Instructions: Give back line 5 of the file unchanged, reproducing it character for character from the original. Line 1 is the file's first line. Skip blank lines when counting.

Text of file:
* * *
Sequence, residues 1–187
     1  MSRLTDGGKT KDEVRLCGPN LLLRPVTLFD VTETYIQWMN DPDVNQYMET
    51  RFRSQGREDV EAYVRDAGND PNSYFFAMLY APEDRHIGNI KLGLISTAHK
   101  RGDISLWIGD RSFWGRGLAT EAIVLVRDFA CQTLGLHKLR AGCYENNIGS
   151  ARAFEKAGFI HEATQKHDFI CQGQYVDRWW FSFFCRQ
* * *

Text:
   151  ARAFEKAGFI HEATQKHDFI CQGQYVDRWW FSFFCRQ